Parents applaud more funding for preschool; experts say it will benefit society
New Orleans is one of six communities that will share in millions coming from the federal government to help more low-income children start their formal education earlier, and some experts said that could pay big dividends in terms of steering inner city children away from a path of poverty and crime.
Sade' Johnson said she is eager to find an early education program for her toddler son.
"They're telling me, 'Oh, we're too full, fill out the paper work.' When I fill out the paperwork, I still didn't get no call," Johnson said.
She wants a better life for both her small children and is trying to improve her own position in life.
"I've been trying to get him in because I've been looking for work, try to go to school all both at the same time," Johnson said.
She hopes to benefit from the grant funds headed to New Orleans from Washington. Louisiana is among 18 states being awarded grant funds to expand and offer new high quality preschool programs. Over four years, Louisiana will get $32 million for that purpose.
According to documents provided by the Louisiana Department of Education, in the first year of the grant, six so called "high-need" communities will get funds. They are Caddo, the City of Monroe located in Ouachita Parish, Iberville, Lincoln, Orleans and Rapides parishes.
"I really do hope it gets him in," said Johnson.
Over the life of the four years of federal grant dollars, almost 11,000 at-risk children are expected to benefit.
"That early start, that early attachment to a school sets a child on a trajectory for a lot of good things," said Dr. Stephen Phillippi, a licensed clinical social worker who directs LSU Health's Institute for Public Health and Justice.
Phillippi said access to early education proves to be protective for children.
"Protection against later criminal involvement, later delinquent involvement, from dropping out of school, actually succeeding at school," he said.
The grant money is especially needed in Orleans Parish.
Youths from New Orleans make up almost 20 percent of the state's incarcerated delinquent population, according to Office of Juvenile Justice data.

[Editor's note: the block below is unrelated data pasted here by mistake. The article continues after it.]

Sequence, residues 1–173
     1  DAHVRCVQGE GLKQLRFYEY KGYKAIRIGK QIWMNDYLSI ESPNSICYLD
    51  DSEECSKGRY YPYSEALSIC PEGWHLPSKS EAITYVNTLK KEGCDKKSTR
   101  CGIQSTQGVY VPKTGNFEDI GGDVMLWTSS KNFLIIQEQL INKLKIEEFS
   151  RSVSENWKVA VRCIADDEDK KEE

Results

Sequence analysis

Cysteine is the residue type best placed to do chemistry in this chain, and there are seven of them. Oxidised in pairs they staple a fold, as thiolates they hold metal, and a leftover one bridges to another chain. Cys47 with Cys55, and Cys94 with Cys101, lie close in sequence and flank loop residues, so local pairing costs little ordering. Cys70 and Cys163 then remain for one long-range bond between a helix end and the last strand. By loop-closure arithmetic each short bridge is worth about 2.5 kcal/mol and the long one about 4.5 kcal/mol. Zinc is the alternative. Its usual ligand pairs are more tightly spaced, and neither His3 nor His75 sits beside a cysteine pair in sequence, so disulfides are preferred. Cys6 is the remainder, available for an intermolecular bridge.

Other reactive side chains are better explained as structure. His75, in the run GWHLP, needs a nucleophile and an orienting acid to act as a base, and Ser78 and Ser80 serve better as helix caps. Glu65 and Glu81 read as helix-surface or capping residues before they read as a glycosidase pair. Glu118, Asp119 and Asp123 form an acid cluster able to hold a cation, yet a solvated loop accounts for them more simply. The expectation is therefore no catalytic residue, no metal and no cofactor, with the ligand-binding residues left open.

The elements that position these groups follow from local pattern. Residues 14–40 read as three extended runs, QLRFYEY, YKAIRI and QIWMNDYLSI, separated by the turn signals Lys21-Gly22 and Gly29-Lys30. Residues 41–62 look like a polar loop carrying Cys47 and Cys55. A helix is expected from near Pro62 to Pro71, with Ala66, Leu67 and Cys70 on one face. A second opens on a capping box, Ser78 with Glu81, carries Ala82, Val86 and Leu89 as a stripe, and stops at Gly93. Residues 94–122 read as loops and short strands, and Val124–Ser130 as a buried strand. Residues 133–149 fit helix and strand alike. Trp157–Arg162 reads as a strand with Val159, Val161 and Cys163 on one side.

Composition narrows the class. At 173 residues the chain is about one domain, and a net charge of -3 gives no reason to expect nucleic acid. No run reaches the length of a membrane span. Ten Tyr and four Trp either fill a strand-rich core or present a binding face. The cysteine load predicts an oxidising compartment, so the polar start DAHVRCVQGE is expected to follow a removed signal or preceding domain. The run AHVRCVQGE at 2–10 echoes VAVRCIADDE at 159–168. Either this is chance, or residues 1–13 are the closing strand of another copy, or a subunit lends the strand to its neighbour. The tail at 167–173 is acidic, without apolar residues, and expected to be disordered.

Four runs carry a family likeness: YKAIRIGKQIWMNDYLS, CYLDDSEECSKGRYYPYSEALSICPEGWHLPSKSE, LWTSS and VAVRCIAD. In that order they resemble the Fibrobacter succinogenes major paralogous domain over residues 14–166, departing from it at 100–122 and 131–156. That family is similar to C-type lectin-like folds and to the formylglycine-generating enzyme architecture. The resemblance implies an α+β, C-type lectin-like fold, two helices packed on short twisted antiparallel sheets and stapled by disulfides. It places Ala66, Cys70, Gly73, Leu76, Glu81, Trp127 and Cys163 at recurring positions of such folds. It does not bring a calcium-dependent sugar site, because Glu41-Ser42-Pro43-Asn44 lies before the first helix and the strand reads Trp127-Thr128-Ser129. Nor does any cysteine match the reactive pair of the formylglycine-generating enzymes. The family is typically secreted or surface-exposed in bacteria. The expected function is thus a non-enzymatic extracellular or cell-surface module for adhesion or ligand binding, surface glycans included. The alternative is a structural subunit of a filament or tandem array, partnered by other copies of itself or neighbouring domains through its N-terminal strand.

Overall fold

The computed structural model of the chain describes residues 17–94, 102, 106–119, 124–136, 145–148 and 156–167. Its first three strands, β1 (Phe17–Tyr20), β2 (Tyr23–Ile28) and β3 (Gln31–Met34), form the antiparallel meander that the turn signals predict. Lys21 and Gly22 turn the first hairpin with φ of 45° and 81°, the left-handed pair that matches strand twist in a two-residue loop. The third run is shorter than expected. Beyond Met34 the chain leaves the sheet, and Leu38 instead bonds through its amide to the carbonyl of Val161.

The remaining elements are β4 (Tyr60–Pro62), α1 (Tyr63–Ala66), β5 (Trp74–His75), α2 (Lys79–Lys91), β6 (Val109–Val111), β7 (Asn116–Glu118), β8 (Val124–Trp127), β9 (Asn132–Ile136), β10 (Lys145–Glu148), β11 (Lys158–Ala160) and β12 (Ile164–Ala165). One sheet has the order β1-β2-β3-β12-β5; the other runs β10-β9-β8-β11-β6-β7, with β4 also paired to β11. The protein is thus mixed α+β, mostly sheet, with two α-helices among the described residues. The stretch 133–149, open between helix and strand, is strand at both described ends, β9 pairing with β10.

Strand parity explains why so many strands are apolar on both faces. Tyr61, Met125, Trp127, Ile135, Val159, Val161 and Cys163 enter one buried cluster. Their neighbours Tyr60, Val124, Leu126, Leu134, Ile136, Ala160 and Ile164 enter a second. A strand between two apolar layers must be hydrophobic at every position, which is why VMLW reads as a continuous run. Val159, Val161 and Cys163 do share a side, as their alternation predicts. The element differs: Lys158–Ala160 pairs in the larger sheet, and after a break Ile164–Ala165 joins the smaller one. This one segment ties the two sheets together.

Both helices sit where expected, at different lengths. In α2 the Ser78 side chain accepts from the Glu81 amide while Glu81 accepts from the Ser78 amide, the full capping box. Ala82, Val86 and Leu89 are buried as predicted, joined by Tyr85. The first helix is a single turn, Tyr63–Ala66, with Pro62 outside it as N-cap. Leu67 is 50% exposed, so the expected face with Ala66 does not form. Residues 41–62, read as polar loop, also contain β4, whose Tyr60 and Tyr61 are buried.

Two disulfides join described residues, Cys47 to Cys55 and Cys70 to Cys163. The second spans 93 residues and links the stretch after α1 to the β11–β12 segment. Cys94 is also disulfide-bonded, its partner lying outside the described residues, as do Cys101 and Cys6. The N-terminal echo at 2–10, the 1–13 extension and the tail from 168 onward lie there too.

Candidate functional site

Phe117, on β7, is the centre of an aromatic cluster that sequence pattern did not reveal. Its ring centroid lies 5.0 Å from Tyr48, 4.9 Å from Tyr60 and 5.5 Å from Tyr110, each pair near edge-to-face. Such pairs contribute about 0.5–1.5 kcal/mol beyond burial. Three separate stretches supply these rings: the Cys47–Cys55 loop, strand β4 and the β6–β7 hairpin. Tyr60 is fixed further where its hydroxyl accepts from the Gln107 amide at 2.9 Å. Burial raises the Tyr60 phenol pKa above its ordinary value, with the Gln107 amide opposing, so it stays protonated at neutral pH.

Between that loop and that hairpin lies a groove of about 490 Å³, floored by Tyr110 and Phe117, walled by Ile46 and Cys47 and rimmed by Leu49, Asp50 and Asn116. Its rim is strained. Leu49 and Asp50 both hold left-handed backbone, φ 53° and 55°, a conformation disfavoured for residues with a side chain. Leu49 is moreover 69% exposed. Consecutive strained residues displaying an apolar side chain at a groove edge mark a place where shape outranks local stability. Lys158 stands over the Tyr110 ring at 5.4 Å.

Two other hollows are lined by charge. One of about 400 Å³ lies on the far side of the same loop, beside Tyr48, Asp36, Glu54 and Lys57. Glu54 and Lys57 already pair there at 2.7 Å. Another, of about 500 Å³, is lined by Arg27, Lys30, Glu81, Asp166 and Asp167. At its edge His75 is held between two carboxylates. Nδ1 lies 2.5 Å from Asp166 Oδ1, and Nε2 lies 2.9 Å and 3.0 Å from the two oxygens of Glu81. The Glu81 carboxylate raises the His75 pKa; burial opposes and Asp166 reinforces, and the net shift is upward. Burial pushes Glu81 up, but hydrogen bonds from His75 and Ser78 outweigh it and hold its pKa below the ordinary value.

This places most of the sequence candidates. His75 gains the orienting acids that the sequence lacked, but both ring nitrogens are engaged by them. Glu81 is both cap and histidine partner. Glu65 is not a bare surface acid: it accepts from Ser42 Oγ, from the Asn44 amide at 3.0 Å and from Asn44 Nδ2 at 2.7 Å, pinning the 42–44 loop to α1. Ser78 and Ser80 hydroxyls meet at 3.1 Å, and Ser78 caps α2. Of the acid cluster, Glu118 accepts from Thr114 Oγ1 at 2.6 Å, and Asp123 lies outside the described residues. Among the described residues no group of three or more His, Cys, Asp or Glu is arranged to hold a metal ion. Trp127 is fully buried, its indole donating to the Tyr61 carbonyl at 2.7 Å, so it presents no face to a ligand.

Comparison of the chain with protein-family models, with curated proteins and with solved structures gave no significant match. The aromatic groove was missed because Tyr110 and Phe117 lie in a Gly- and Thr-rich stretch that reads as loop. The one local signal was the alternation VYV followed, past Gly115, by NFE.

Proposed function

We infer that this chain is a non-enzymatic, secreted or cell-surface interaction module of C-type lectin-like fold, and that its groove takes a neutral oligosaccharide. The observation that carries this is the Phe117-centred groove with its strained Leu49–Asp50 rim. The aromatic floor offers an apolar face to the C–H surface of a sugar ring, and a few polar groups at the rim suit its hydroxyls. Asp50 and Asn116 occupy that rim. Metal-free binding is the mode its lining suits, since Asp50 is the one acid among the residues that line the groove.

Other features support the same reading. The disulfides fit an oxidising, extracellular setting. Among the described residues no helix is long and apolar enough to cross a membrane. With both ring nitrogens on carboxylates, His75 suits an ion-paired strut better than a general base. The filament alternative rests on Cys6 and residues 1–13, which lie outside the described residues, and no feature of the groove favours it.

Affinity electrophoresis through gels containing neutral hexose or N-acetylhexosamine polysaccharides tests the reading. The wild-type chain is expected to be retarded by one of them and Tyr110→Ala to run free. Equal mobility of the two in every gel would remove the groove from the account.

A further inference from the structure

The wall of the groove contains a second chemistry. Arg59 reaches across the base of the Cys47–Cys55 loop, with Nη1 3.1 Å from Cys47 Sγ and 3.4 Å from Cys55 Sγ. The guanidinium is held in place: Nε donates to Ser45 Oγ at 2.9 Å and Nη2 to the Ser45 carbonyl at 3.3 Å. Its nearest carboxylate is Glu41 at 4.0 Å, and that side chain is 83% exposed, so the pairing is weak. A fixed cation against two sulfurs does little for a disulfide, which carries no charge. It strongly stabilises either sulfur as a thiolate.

"In the world I work in, if we can get kids through about a sixth- or eighth-grade learning level, you're almost guaranteeing that you'll never see them in Angola [prison]" said Phillippi.
And costs to incarcerate juveniles outpace what it costs to educate them. In Louisiana, it costs on average $141, 299 per year to incarcerate a juvenile, according to 2009 Justice Policy Institute information. But in terms of money allocated for students in school in Orleans Parish, state and local dollars together amount to a little over $9,000 per pupil per year, according to information from the state education department.
"These are huge savings if we can keep kids in school systems," said Phillippi.
"I think it's a great thing. It'll be great to see it coming to fruition," said Sheldon Williams of the expanded preschool programs.
Williams grew up in the Central City section of New Orleans which has ample poverty and crime, but he made it out and is now a college teacher.
"I was fortunate enough to be brought up here, to get away, go to the military, get to different states - and that was pre-Katrina - and to come back home and try to help and be an inspiration to our youth," said Williams.
He has a 4-year-old son who will get the education he needs. But Williams said he wants the best for a 2-year-old nephew and others in his former neighborhood.
"It's kind of hard to find a program, so I was interested in actually starting one myself," he said of earlier education programs.
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